Mailboxes are worse than the entertainment pages of the New York Times this time of year.
With all of the Christmas cards that everyone receives, how do you compete for the receiver’s attention?
Is your card really going to make an impression? And in today’s green-times, is it really worth a slice of a Sequoia to send a card in such a cluttered environment?
Don’t get me wrong, I’m very grateful for the time people take to remember me, but sending Christmas cards is like taking out an ABC in the New York Times. People just keep doing it without realizing it isn’t as effective as it may have been.
OK, I’ll try and take my Scrooge hat off now and be a bit more constructive. Let’s say you feel compelled to send cards to your clients, friends or family. Here are a few quick ideas on how to get your cards through the CCC (Christmas Card Clutter):
1. Be First
Make sure your card arrives before everyone else’s. The day after Thanksgiving. Or, if you really want to make an impression? Send it in July.
2. Be Last
Embrace your procrastination and use it to your advantage. Send your card right after people are clearing off their mantles so it arrives in their mailbox in January, at the same time as their December credit card bills.
3. Make It Personal
Speaks for itself. Photos, letters (yes, even form letters), etc. Cards usually wrap up a year, so take a moment to remind the recipient about a very positive experience you shared at some point during the year.
4. Make It Your Own With a Custom Design
Send fewer letters and make a bigger impression for the same money with a custom design that says what is unique about your company. If you’re a vendor, send a card that has your company’s name or logo on the FRONT of the card. Think about how cards are displayed on desks or mantles. It’s never with the signature on the outside. With the right design, Christmas cards can be mini-billboards.
Can’t afford a designer and don’t know how to work Photoshop? Do it old school and make your cards like a 2nd grader. They’ll stand out big time.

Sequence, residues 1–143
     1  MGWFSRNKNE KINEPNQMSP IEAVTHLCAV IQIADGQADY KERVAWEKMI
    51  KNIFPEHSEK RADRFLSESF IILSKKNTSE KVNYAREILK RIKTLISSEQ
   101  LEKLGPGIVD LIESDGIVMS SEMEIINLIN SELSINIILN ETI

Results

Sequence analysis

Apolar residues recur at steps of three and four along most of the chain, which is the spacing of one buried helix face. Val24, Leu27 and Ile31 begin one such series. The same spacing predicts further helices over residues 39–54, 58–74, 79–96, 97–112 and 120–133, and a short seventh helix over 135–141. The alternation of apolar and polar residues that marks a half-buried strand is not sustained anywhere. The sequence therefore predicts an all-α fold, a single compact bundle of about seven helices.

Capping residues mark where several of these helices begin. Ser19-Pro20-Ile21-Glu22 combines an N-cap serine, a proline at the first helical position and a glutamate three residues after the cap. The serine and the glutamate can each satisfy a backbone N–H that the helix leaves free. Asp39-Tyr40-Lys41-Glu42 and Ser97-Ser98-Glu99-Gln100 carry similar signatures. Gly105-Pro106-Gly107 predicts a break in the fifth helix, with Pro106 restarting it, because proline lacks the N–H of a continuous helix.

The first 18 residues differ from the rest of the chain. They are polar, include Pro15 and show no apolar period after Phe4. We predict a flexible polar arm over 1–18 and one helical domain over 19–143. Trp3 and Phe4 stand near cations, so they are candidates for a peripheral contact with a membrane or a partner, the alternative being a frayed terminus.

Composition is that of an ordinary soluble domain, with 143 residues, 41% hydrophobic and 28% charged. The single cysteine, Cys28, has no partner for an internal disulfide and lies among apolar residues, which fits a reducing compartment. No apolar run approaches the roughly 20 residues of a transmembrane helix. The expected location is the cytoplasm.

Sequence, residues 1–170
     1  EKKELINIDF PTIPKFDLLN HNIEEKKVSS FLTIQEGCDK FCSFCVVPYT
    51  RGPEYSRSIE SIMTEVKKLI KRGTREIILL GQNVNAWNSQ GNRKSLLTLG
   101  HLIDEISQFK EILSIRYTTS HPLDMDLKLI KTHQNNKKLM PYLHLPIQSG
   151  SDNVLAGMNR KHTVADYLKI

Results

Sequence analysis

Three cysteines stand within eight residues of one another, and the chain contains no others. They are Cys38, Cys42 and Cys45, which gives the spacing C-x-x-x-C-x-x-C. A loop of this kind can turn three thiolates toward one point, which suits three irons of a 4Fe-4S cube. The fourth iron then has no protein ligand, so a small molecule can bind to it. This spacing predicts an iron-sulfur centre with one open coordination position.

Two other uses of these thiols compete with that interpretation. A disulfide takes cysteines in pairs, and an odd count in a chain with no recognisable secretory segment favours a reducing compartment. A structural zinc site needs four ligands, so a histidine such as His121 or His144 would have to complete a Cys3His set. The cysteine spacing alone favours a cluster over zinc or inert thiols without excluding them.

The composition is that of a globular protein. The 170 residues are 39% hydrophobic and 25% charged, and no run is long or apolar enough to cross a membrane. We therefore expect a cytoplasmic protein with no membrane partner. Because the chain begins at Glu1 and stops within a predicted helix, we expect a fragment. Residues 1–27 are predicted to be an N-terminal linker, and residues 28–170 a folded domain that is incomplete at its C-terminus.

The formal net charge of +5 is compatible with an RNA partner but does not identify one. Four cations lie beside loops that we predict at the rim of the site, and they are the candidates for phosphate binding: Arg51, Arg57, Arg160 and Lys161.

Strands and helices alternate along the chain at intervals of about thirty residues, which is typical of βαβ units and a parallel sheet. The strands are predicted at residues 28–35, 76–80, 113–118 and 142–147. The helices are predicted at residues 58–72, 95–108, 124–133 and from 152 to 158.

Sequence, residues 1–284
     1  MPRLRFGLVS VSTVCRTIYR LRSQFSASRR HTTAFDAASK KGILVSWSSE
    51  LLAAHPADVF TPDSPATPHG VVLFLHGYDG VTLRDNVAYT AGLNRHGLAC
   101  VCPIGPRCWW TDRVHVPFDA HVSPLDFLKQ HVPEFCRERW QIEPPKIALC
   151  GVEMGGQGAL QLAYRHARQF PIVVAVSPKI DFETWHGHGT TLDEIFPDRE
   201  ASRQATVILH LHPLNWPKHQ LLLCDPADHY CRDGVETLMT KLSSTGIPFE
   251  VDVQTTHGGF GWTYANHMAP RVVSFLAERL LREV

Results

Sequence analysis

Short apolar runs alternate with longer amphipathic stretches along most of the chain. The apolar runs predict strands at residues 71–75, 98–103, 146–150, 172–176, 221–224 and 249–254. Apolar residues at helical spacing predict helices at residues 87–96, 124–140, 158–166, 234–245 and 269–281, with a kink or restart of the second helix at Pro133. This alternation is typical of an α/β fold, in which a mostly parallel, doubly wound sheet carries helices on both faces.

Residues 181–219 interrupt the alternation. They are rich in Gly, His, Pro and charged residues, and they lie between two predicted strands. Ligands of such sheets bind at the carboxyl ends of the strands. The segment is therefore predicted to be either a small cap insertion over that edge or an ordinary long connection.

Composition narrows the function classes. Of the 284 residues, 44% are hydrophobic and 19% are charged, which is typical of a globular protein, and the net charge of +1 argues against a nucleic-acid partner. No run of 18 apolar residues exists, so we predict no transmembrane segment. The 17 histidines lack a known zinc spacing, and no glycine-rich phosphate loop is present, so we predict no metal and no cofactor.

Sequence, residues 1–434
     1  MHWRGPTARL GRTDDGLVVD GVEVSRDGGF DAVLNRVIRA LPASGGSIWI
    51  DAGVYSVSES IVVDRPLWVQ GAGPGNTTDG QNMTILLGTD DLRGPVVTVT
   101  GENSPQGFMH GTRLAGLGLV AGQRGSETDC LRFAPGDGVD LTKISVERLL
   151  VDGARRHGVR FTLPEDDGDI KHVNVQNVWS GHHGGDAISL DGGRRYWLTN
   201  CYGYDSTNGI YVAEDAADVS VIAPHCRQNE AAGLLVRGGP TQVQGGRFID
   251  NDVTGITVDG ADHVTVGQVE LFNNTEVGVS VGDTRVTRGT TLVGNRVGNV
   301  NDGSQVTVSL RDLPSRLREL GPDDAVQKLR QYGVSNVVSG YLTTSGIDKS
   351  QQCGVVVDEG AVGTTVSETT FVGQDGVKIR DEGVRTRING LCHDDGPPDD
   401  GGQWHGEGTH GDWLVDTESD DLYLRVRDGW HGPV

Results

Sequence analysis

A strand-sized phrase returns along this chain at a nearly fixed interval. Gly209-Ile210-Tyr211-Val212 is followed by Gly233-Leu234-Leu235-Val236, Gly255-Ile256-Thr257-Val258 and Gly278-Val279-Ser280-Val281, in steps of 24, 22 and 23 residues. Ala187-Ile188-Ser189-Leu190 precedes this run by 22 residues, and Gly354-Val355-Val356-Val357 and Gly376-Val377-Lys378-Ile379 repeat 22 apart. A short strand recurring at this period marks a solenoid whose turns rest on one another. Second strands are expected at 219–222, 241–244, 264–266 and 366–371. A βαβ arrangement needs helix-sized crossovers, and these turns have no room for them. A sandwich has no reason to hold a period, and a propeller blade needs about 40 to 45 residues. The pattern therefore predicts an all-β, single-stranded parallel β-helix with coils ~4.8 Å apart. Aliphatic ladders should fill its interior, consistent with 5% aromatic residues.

5. Put Something In The Card
Include a coupon. 10% off the client’s first service in the New Year. A coupon for a free hug. Whatever. But something that adds value to the card (and can be tracked).
6. Don’t Send a Card
Send something else. Again, spend a little more money on less people and make it count. And make it something that doesn’t get tossed out after the New Year, but that will sit on a desk, constantly reminding that person of you.
Or send a one dollar bill in a plain white envelope and with a post-it note attached that says, “We have trouble picking out cards for our diverse client list. Here’s a dollar. Feel free to buy a card that suits you best. Or buy a hot dog.”
I realize that people are shaking their head at me right now because I’m breaking down a time-honored tradition of spreading joy into a marketing strategy. Shake away, but here’s the thing: everything we do in life is a form of marketing. If you get a new hair cut or buy a new suit, you’re redesigning your brand’s image. If you send text messages or mass emails to friends, you’re engaging in direct response. Christmas cards are just another form of marketing in our own lives.
And my point is that if you’re going to do it (like any form of advertising), do it effectively.
Personally, I’d rather my vendors and casual acquaintances save the paper and the postage and make a $1 donation to a favorite charity.
Do you have any ideas on how to break through the CCC? Or have you received any great CCs that got your attention? Email me and I’ll post the best.